Chapter

The Consciousness Hypothesis

Gregg Rosenberg

in A Place for Consciousness

Published in print December 2004 | ISBN: 9780195168143
Published online October 2011 | e-ISBN: 9780199850075 | DOI: http://dx.doi.org/10.1093/acprof:oso/9780195168143.003.0013

Series: Philosophy of Mind Series

The Consciousness Hypothesis

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The Consciousness Hypothesis is an application of the Central Thesis that lifts experiencing up to full-fledged consciousness. This chapter evaluates several issues raised from the previous chapters in part 1 and demonstrates how the proposal presented here permits Liberal Naturalism to evade the explanatory failings of pure physicalism. Its explanatory success, however, is exemplified by solving the puzzles, paradoxes, and tensions confronting Liberal Naturalism. If the preeminent virtue guiding construction of the Theory of Causal Significance was simplicity while the Carrier Theory of Causation raised intelligibility and uniformity into position as equal partners, the Conscious Hypothesis is an attempt to show fruitfulness. In the latter part of this chapter, the author demonstrates how this fruitfulness supplements the philosophical reasons introduced earlier for accepting the existence of receptive connections and attempts to provide additional support to the model.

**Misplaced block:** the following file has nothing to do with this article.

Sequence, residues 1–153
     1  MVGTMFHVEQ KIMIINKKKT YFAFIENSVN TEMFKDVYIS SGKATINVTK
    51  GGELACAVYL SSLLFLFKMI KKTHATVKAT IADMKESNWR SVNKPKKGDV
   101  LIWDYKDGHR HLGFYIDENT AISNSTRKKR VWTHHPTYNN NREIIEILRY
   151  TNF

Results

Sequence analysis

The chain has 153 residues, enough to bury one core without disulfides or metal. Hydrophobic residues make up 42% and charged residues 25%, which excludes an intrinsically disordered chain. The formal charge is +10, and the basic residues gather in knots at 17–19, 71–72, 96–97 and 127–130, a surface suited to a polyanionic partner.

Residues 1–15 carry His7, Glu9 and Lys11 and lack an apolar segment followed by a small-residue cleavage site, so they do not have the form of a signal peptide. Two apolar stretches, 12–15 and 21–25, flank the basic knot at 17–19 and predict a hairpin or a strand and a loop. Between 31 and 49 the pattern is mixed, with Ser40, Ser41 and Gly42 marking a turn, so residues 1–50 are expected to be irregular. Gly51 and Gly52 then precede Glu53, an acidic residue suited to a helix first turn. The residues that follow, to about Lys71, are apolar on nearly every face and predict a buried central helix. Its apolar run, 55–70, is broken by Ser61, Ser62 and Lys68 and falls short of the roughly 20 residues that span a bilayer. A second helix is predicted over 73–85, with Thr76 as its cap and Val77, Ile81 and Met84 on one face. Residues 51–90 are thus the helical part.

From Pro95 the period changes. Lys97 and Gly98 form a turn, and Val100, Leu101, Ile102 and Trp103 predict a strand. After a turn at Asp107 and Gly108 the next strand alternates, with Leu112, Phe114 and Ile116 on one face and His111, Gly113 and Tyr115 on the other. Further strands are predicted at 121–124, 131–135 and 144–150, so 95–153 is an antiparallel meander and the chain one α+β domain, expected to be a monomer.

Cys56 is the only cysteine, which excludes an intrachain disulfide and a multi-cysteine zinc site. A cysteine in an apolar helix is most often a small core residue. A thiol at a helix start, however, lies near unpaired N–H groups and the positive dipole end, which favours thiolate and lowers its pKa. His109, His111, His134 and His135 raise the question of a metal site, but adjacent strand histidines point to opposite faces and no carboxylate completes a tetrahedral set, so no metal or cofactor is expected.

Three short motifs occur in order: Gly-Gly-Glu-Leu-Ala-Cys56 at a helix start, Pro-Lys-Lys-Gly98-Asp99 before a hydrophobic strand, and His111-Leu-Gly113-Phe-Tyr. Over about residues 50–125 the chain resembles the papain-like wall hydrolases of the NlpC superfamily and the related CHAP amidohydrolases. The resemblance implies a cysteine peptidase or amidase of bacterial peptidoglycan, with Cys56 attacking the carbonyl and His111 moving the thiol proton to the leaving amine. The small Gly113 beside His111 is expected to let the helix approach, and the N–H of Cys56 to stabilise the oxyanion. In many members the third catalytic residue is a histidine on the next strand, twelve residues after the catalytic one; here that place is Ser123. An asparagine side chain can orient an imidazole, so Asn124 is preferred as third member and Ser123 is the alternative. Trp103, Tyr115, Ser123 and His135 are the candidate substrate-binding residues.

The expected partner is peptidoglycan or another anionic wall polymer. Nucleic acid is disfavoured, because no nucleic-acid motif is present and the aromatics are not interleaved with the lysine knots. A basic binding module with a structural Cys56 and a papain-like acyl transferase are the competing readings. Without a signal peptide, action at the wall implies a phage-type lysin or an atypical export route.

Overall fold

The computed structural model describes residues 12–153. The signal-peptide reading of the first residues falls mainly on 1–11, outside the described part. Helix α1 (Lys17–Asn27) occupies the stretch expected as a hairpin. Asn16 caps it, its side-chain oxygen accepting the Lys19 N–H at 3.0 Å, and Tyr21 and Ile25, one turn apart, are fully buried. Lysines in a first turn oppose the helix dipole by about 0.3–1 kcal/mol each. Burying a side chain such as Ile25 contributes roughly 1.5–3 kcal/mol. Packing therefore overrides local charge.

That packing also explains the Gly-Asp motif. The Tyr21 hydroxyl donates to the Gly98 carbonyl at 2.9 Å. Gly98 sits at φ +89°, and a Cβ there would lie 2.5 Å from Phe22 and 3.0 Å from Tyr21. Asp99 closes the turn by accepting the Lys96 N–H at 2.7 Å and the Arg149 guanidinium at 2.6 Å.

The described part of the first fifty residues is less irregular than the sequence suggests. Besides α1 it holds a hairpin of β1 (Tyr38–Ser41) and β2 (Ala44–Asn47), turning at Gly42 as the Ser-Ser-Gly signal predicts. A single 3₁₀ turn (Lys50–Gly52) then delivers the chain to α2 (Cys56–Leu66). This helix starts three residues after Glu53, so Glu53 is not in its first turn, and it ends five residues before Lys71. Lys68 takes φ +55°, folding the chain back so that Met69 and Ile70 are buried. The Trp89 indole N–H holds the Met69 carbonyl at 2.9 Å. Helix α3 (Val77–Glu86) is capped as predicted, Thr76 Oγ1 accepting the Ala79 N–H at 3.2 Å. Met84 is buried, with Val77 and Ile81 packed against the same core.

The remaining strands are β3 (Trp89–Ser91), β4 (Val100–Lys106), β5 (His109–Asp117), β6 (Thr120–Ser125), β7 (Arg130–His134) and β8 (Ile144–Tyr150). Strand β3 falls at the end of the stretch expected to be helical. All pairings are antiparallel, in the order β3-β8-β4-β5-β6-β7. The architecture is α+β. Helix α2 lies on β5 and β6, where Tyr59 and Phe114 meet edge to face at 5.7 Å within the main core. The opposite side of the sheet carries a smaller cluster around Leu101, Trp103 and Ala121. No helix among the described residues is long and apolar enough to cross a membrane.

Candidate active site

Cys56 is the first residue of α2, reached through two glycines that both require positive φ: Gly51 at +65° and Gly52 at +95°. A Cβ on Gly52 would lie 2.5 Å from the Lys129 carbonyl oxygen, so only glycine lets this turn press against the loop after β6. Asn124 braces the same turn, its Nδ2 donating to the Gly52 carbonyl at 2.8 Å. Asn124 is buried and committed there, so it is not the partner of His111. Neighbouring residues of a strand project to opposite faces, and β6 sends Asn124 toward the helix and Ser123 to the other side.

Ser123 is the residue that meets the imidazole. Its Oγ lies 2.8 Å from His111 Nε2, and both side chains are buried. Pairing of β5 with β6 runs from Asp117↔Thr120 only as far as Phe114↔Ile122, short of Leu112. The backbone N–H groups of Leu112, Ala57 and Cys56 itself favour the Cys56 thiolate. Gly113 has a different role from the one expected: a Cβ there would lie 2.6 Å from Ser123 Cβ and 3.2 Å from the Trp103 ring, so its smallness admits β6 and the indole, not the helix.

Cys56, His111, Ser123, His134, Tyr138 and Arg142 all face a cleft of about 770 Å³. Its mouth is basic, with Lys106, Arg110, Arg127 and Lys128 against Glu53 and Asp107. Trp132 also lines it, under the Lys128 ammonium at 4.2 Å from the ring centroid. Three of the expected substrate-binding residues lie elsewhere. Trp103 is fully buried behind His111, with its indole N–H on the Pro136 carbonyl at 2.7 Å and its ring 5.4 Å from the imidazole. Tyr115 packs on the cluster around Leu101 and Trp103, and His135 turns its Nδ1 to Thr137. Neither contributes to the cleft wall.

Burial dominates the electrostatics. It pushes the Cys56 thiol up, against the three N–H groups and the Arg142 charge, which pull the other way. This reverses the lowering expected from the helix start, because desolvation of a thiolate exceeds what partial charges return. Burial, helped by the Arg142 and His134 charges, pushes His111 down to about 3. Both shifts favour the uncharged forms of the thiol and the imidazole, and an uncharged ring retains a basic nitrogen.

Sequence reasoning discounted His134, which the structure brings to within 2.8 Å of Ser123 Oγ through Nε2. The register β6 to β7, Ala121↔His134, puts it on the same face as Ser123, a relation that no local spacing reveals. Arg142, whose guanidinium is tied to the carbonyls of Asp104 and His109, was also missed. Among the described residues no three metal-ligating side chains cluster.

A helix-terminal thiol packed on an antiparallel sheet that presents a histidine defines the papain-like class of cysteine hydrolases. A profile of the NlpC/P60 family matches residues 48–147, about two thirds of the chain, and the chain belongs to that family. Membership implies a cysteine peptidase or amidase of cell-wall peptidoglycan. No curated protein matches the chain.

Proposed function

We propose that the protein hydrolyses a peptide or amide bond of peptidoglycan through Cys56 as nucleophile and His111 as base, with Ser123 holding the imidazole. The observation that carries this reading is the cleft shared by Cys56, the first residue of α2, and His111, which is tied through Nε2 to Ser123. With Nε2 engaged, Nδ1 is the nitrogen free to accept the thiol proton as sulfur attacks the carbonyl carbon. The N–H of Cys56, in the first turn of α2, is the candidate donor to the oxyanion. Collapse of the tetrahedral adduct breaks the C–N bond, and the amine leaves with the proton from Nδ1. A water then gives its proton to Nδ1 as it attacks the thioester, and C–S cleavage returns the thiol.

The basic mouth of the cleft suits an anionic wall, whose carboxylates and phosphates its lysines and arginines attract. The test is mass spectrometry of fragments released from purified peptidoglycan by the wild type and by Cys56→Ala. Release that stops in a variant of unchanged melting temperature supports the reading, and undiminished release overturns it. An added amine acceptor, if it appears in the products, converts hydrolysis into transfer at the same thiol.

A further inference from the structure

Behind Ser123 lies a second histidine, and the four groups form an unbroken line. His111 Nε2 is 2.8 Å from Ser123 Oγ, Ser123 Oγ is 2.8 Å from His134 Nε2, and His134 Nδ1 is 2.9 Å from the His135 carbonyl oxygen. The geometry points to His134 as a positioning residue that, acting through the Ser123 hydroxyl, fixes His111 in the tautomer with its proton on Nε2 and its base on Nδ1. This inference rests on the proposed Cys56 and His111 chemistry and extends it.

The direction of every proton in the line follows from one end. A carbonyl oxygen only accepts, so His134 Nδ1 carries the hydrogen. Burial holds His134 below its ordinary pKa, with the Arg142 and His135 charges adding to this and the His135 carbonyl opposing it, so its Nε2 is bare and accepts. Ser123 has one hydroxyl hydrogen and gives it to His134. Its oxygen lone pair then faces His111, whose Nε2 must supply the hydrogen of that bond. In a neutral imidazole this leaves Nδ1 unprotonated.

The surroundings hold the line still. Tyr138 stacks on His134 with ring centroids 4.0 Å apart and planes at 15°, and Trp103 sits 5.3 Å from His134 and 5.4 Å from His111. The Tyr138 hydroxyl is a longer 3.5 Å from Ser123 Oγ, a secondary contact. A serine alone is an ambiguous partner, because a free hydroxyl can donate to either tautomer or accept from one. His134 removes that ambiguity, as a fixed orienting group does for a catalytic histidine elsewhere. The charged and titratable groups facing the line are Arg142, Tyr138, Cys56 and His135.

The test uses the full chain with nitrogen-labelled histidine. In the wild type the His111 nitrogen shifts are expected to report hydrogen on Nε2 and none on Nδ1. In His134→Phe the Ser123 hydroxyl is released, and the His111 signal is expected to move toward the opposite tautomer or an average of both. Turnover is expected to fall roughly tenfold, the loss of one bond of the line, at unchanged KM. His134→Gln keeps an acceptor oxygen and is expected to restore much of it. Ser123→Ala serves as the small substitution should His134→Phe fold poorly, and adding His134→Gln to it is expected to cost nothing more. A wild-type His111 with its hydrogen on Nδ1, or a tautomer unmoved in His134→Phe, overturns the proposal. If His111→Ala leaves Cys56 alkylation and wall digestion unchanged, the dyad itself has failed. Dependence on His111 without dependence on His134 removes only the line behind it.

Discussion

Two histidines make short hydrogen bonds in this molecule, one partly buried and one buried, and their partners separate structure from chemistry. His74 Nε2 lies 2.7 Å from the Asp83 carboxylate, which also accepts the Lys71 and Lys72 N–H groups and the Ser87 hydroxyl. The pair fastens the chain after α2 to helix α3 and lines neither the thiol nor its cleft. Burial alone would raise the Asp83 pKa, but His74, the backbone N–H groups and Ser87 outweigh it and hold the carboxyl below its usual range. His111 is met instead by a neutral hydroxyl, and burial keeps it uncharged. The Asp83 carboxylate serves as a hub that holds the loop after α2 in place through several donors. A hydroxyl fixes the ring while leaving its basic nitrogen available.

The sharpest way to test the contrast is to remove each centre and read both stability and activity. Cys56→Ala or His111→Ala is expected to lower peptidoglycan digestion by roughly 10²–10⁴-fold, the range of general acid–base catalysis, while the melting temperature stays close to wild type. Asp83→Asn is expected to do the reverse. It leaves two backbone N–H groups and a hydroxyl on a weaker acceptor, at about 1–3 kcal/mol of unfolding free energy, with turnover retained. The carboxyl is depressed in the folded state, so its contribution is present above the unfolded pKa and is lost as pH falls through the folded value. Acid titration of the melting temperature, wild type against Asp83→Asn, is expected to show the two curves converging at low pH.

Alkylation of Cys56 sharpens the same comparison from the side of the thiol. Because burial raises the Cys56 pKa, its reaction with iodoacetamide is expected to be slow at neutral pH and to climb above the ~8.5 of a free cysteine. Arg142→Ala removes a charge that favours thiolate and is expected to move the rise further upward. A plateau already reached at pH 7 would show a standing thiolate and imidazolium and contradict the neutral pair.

Keywords: Consciousness Hypothesis; Central Thesis; consciousness; physicalism; fruitfulness; Liberal Naturalism; Theory of Causal Significance; Carrier Theory of Causation; receptive connections

Chapter.  11374 words.  Illustrated.

Subjects: Philosophy of Mind

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